Objective or Multi-Objective? Two Historically Competing Visions for Benefit-Cost Analysis
As they embraced benefit-cost analysis during the mid twentieth century, economists faced several challenges. One challenge was to reconcile two visions for the place of the economist in policy analysis, one limited to providing positive analysis for decision-makers, the other allowing normative judgments. This tension came to a crisis when, in the 1960s, the Water Resources Council introduced multi-objective benefit-cost analysis. The surrounding debate highlights the way philosophical differences can drive the technical details of policy analysis, the way political debates can overshadow academic ones, and the way even social scientists in a narrow subfield can profoundly misunderstand one another.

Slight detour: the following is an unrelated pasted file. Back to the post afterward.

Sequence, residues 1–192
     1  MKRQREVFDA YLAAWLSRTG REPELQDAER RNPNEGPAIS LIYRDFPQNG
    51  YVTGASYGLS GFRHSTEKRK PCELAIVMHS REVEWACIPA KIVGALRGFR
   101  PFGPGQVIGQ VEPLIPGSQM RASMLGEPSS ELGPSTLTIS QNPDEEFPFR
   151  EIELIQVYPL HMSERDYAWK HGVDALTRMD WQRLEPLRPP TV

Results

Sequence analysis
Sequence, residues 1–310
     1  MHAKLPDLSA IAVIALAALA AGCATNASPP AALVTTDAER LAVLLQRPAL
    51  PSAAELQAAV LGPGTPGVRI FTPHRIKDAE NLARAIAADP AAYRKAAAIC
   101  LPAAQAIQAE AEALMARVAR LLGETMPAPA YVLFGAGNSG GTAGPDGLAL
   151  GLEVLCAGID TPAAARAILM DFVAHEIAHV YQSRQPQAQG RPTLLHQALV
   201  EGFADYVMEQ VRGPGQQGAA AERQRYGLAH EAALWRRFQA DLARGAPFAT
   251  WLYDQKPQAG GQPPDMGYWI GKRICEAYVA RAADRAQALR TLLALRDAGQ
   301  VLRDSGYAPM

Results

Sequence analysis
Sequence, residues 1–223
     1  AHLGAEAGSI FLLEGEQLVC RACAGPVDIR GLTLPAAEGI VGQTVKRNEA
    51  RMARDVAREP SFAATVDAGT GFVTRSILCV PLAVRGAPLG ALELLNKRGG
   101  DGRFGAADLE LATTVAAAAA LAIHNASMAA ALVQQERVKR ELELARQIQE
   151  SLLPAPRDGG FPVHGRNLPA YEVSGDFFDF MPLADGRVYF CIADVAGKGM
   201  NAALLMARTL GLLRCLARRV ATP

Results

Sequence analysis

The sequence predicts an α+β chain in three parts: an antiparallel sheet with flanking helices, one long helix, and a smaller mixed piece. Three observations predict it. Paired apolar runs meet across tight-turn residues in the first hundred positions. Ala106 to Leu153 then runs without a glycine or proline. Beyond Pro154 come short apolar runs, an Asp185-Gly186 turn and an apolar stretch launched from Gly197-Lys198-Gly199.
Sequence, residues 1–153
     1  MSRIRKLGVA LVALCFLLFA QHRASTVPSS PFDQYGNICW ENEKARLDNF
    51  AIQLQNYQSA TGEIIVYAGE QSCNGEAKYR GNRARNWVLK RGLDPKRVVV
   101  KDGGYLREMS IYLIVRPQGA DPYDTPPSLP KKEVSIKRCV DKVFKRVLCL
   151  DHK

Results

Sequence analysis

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- Daniel W. Bromley & Bruce R. Beattie, 1973. "On the Incongruity of Program Objectives and Project Evaluation: An Example from the Reclamation Program," American Journal of Agricultural Economics, Agricultural and Applied Economics Association, vol. 55(3), pages 472-476.
- Gary D. Cobb, 1973. "Evolving Water Policies in the United States," American Journal of Agricultural Economics, Agricultural and Applied Economics Association, vol. 55(5), pages 1003-1007.
- Harberger, Arnold C, 1971. "Three Basic Postulates for Applied Welfare Economics: An Interpretive Essay," Journal of Economic Literature, American Economic Association, vol. 9(3), pages 785-97, September.
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